Enrolled subjects were randomized to rapid HIV test offer by either an emergency provider or a dedicated HIV counselor. During the 17-month trial period, 28 emergency service (nursing) assistants (provider arm) and 9 USHER-dedicated HIV counselors (counselor arm) were trained to consent and test participants. Due to a low test offer rate in the provider arm (36%) compared to the counselor arm (80%) , we elected to examine correlates of refusal only from the counselor arm to minimize concerns of possible targeted test offer––with associated motivations to accept––in the provider arm, based on HIV-related symptoms. Trial participants were offered a rapid oral HIV antibody test (OraQuick® Advance Rapid HIV-1/2 Antibody Test, OraSure Technologies, Bethlehem, Pennsylvania) free of charge with confirmation of reactive results as previously described. Subjects who consented to rapid HIV testing provided separate written informed consent for rapid HIV testing in accordance with Massachusetts state law. Trial participants were not offered any financial incentives. The USHER trial was approved by the Partners Human Research Committee (protocol 2006P-000136) and overseen by a Data Safety Monitoring Board.
Demographic data (gender, age, race/ethnicity, primary language and education level) were obtained at the time of enrollment by the HIV counselor. The subjects’ chief complaint and diagnosis were not recorded in trial-related documents. The questionnaire collected self-reported information on annual household income, medical insurance status, access to a primary care provider, risk factor assessment of substance abuse and sexual practices, HIV-related knowledge, self-perceived need for HIV testing, and HIV testing history. Annual household income was reported as less than $20,000, $20–50,000, $50–100,000 and greater than $100,000 and, based on response distribution, was categorized as less than $50,000 versus $50,000 or more. Medical insurance status was obtained by asking participants to indicate all sources of coverage from the following options: Medicare, Medicaid, private and/or other (“insured”) or uninsured. Participants were also asked if they had a primary care provider (“yes” versus “no” or “I don’t know”).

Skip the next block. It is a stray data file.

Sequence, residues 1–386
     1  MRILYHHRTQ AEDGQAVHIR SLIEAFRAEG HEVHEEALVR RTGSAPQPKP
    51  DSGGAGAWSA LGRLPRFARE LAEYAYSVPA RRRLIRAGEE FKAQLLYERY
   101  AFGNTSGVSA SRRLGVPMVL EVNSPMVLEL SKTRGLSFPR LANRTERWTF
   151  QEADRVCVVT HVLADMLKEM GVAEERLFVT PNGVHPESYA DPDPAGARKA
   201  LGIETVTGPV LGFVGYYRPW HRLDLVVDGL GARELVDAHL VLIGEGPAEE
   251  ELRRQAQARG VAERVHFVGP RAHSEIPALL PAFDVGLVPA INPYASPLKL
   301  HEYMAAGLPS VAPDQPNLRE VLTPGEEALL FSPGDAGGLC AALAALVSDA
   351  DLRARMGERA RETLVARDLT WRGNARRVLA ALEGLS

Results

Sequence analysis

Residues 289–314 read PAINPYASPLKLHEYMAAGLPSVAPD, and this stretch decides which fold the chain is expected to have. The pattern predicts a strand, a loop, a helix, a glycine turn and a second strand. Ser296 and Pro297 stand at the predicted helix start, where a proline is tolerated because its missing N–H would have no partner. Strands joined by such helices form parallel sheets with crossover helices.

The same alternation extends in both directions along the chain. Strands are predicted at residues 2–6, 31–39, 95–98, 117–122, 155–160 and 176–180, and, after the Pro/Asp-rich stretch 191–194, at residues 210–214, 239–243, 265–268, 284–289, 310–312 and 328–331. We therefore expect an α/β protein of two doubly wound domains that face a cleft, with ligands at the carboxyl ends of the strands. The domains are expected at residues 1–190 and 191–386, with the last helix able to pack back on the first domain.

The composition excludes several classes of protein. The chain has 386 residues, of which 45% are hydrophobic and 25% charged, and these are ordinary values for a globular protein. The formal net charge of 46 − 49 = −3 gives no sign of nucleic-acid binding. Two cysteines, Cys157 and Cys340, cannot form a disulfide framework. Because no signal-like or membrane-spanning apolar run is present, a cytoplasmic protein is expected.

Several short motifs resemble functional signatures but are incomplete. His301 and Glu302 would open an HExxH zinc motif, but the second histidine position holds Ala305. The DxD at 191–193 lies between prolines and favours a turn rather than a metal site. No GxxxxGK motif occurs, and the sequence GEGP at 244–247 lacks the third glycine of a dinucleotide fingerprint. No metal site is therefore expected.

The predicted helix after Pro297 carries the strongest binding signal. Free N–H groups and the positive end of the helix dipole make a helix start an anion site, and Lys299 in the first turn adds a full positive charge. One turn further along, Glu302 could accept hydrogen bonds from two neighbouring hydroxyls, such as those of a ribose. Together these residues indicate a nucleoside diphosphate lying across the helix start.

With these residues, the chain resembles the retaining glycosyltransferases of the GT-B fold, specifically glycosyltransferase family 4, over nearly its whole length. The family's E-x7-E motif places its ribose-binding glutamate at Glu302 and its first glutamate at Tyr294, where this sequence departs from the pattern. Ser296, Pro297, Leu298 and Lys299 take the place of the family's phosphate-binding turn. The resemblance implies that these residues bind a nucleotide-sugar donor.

To examine the influence of HIV risk behaviors, participants were asked a series of questions regarding sexual behaviors and frequency of illicit drug behavior or alcohol use. We defined sexual risk as report of any of the following: history of a sexually transmitted infection; two or more sexual partners in the past year; any history of men having sex with men; inconsistent or no condom use; history of incarceration; or sex with a partner who was known to have been incarcerated, HIV infected or who used recreational drugs.